For decision tree-based classifiers, the parameters that define the classification model are the set of attributes that comprise the input vectors, and hence are in the same vocabulary as the domain attributes. With syntactic transformations, they can be put into sets of "if-then" rules that allow for "explanation" of the classifier’s reasoning in human terms.
For neural network-based classifiers, model parameters are a set of weighting functions on the network layer interconnections – a purely mathematical formulation, which is opaque, when it comes to explaining the basis for classification. In some domains, the explanation capability can be critical to the acceptance of the classifier as a useful tool; in other domains, the classifier’s success rate and effect on the business is the only metric of success.
Estimation. A variation on the classification problem involves the generation of metrics, often referred to as scores, along various dimensions in the data. Rather than employing a binary classifier to determine whether a loan applicant is a "good" or "bad" risk, this approach would generate a credit worthiness "score" based on a pre-scored training set. The method differs from algorithmic scoring approaches, in that scoring functions are derived from attributes that occur in the data, but may not directly support computation according to an arithmetic formula.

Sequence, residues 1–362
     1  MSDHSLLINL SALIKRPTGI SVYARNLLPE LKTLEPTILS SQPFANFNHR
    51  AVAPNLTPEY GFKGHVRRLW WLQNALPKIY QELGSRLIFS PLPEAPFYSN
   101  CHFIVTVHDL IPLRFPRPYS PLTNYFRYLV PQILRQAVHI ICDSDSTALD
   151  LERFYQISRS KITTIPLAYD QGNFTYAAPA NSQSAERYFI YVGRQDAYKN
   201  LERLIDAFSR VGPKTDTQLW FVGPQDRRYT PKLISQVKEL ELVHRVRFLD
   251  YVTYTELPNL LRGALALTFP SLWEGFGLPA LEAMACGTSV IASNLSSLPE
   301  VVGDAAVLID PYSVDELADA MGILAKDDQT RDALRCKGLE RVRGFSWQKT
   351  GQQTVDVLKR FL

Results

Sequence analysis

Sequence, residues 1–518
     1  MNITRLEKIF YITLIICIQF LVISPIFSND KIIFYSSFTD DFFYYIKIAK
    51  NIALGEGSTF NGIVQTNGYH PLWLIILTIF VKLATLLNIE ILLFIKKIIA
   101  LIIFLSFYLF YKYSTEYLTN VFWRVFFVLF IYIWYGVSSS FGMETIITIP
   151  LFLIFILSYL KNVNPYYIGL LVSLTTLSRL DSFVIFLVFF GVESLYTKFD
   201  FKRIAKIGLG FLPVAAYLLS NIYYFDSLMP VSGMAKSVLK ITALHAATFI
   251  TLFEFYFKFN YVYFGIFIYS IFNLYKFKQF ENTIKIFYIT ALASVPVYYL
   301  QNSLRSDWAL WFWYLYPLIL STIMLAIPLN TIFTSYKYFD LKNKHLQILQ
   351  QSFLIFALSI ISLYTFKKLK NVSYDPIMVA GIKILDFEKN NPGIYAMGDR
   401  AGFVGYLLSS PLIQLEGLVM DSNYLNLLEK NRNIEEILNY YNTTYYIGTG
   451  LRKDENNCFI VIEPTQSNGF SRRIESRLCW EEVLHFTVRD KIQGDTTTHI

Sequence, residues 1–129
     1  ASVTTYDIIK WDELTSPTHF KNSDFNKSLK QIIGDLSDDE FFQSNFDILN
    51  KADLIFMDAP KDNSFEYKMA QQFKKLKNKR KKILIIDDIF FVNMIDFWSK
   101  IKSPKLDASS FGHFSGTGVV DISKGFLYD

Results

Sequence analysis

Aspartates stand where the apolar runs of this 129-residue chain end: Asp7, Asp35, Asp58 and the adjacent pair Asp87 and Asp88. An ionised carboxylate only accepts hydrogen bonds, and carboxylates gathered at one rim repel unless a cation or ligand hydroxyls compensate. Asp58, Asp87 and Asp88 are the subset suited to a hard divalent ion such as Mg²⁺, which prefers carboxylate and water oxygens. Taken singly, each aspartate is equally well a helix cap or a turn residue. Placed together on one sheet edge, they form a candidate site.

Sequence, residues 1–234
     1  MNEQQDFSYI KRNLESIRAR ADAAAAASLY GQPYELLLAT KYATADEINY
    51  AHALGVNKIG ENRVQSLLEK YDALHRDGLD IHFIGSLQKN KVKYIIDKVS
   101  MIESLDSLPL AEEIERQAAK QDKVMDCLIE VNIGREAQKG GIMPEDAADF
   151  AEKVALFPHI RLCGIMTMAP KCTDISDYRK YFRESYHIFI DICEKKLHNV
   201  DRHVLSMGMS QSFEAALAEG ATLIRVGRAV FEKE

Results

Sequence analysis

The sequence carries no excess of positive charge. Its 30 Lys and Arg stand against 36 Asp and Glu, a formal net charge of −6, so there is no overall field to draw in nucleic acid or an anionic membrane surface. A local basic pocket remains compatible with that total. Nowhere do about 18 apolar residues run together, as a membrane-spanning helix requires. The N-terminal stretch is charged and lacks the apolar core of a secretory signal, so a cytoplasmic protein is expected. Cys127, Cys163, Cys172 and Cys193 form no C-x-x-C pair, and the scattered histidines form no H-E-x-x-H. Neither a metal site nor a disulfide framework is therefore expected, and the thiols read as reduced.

Other Techniques. The techniques previously described are predominantantly used in today’s data mining tools. Other approaches include case-based reasoning, fuzzy logic, genetic algorithms, and fractal-based transforms.
Algorithms and Models
Within each of these general approaches, there are a number of specific algorithms or models that may be applied. Each has its own strengths and weaknesses regarding the problem characteristics best addressed, discrimination capabilities, performance and training requirements. For example, different classification solutions are available for 2-class and N-class problems, and a variety of algorithms (both statistical and neural network-based) may be employed. The algorithms are often tunable using a variety of parameters aimed at providing the right balance of fidelity and performance.
Implementation issues. Having introduced a number of the approaches and algorithms employed in data mining applications, there are many considerations associated with implementing data mining applications.